Mazal tov on your upcoming Bar or Bat Mitzvah celebration! You are about to embark on a lifetime Jewish journey, and the path is filled with light and joy. This booklet will help guide you through this awesome experience. Consult it often as you prepare for your most special day.
May God bless you and keep you.
May God look kindly upon you and be gracious to you.
May God bestow favor upon you and grant you peace.
The Clergy, Staff, & Lay Leadership
of Temple B’nai Torah
Bar and Bat Mitzvah: Its Meaning and Customs
The term Bar or Bat Mitzvah (literally, “son” or “daughter” of the “commandment”) is a title given to all Jews upon reaching age 13 to signify that they are now prepared to take personal responsibility for their own religious actions and moral behavior through performing mitzvot (commandments). It is equivalent to reaching the age of legal majority. Although no ritual or service is necessary to establish this status, the Bar and Bat Mitzvah celebration, over the past few centuries, has emerged as a way for 13-year-olds to demonstrate commitment to Judaism. Before the congregation, family, and friends, the young person reads from the Torah (Five Books of Moses) and Haftarah (selection from the Books of the Prophets) and leads worship. In offering this privilege, the congregation says to its 13-year-olds: you are now participating adults in our religious community. Thus, Bar and Bat Mitzvah celebrations bear witness to the continuity of Judaism embodied in a new generation of committed Jews. Certainly the beginning of a young person’s transition from childhood to responsible Jewish adulthood is a time of celebration.
When a young woman or man reaches the age of majority in Jewish life, they become eligible and responsible for the performance of the mitzvot, assuming personal responsibility for their religious, moral, and spiritual behavior. Our B’nai Mitzvah students take advantage of their new status by performing a number of mitzvot for which they are now eligible when they participate in a congregational Shabbat morning worship service. Each Bar and Bat Mitzvah can now wear a Tallit, be called to the Torah for an Aliyah, lead the prayers and interpret the weekly Torah portion.
Religious studies begin long before this day. At Temple B’nai Torah, preparations start with the study of Hebrew and Jewish customs, holidays, and history. Each student also learns Biblical chanting, extending his or her commitment to Jewish study, prayer, and service to the community.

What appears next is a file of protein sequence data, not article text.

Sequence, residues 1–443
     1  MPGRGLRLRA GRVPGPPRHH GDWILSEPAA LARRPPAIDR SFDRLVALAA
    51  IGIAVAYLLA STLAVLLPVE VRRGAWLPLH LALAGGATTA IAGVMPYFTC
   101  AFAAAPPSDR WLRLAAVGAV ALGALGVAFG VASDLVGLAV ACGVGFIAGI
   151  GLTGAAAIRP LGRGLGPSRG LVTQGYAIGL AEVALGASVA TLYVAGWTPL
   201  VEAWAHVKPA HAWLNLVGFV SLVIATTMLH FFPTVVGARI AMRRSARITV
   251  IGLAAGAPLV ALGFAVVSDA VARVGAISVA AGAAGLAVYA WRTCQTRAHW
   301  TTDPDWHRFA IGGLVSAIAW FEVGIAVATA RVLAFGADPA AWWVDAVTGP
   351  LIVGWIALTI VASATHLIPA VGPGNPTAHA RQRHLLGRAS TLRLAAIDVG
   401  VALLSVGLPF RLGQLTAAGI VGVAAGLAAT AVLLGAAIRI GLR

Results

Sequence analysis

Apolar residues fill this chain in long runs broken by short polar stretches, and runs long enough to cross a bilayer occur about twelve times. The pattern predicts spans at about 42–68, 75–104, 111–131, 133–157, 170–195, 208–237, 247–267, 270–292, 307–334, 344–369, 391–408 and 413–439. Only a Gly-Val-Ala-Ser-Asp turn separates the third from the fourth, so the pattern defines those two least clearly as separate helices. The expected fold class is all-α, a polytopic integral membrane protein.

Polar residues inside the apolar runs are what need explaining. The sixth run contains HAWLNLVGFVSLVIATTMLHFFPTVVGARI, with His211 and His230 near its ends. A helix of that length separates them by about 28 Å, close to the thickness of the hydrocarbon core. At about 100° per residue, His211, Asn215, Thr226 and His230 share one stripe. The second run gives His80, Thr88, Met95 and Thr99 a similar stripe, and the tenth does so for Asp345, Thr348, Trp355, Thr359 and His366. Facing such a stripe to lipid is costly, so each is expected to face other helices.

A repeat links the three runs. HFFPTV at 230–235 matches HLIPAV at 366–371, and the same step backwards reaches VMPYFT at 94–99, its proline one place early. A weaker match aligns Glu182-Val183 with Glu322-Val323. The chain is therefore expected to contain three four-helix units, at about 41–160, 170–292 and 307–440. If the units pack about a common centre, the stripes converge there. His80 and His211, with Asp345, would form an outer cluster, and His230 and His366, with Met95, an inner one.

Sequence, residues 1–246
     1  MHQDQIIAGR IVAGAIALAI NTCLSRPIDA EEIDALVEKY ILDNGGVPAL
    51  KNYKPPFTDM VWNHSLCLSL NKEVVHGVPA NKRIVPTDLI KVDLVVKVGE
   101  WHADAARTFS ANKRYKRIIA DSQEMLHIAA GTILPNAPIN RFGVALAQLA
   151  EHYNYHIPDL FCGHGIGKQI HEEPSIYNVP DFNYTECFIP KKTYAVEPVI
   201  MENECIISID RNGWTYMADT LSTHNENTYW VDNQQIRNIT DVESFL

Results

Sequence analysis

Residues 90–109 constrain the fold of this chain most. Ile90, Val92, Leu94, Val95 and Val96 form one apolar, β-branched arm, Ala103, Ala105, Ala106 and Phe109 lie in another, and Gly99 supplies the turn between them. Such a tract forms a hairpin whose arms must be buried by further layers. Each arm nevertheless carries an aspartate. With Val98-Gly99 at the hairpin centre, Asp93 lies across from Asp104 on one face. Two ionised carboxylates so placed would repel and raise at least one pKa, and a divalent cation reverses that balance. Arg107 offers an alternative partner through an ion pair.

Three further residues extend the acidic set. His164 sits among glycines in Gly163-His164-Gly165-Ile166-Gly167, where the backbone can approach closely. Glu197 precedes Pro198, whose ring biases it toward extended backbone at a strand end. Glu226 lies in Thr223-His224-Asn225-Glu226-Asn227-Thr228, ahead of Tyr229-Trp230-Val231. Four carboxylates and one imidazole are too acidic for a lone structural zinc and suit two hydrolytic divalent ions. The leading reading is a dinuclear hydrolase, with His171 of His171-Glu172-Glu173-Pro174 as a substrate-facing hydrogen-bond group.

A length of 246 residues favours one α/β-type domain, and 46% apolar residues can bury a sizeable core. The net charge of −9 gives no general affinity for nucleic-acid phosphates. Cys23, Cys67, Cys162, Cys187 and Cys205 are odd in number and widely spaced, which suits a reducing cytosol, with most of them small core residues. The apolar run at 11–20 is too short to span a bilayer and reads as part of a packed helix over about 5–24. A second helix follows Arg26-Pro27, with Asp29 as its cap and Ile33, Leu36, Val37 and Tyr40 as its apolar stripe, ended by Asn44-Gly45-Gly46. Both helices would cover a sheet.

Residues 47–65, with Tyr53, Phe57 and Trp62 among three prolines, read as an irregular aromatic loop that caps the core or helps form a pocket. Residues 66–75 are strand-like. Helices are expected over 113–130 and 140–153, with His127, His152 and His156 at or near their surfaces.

A Bar or Bat Mitzvah celebration occurs as part of our regular Shabbat morning service. The student helps lead the congregation in Hebrew and English passages from the siddur (prayer book), and reads or chants from the Torah, the hand-lettered parchment scroll that contains the Five Books of Moses. The student explains the portion to the congregation, demonstrating an understanding of the text. Family and friends share the blessings, before and after the reading. After the Torah is read, the young Jewish adult reads a passage taken from one of the prophetic books of the Hebrew Bible, a selection known as a Haftarah. Parents offer blessings of thanks and expressions of joy and pride.
Here at Temple B’nai Torah, we are very proud of our B’nai Mitzvah students and of the commitment to Jewish life and learning they make.
History of Bar Mitzvah
In the traditional Jewish world, there are several festive occasions in a boy’s life. The first is the eighth day after his birth, when he is introduced into the Covenant of Abraham through the ritual of brit milah, or circumcision. Another is when he is first initiated into Jewish study – a celebration that echoes our Consecration observance today. When a boy turns 13 years and one day old, he becomes a Bar Mitzvah, a “Son of the Commandment,” legally bound to fulfill the obligations of Jewish law and practice, and to a continuing commitment to Jewish learning.
By the rabbinic period of Jewish history (from 70 to 600 CE), the age of 13 was recognized as the age of maturity for a boy. Legally, these young men were considered adults – that is, they were responsible for themselves in a religious sense and could testify in a Jewish court of law. Interestingly, they were not yet allowed to make a contractual agreement involving real estate, since they were still considered to be inexperienced in the ways of life and business.
The Bar Mitzvah celebration dates back to the 13th century. Although customs recognizing a boy’s reaching this milestone varied from place to place, the responsibilities of Bar Mitzvah were always the same: a boy was considered to have reached the age of maturity; he accepted personal responsibility for the mitzvot, he was thereafter counted as part of a minyan, and he was looked upon as a full participant in the “community of Israel.”
History of Bat Mitzvah
The history of Bat Mitzvah is very different from that of Bar Mitzvah. By rabbinic times, a girl was considered to be legally responsible for herself at age 12 or 12 ½ (depending upon which text you read), but girls did not have a celebration dedicated to recognizing this milestone. This absence of celebration is most likely because, according to traditional Jewish law, a woman is not obligated to fulfill mitzvot that have to be performed at a particular time of day, freeing her to fulfill her family responsibilities. Thus, women were not required to attend synagogue worship services, to pray three times a day, or to be counted in a minyan.
The idea of recognizing young women at the “age of commandment” was introduced in Europe in the 19th century, when some families honored their daughters on their twelfth birthday with a party and a festive meal.
The first recorded Bat Mitzvah celebration involving a synagogue service occurred in the United States in 1921. The Bat Mitzvah was Judith Kaplan, the daughter of Rabbi Mordecai Kaplan, who founded the Reconstructionist movement in American Judaism. The importance given to becoming a Bat Mitzvah seems to have paralleled the development of Women’s Rights. In the earlier part of the 20th century, very few girls elected to celebrate becoming Bat Mitzvah, but with the advancement of feminism and the recognition of equal rights and opportunities for women, more and more girls choose this spiritual path. Today in Reform Judaism, in the spirit of equality, both girls and boys celebrate becoming B’nai Mitzvah at age 13.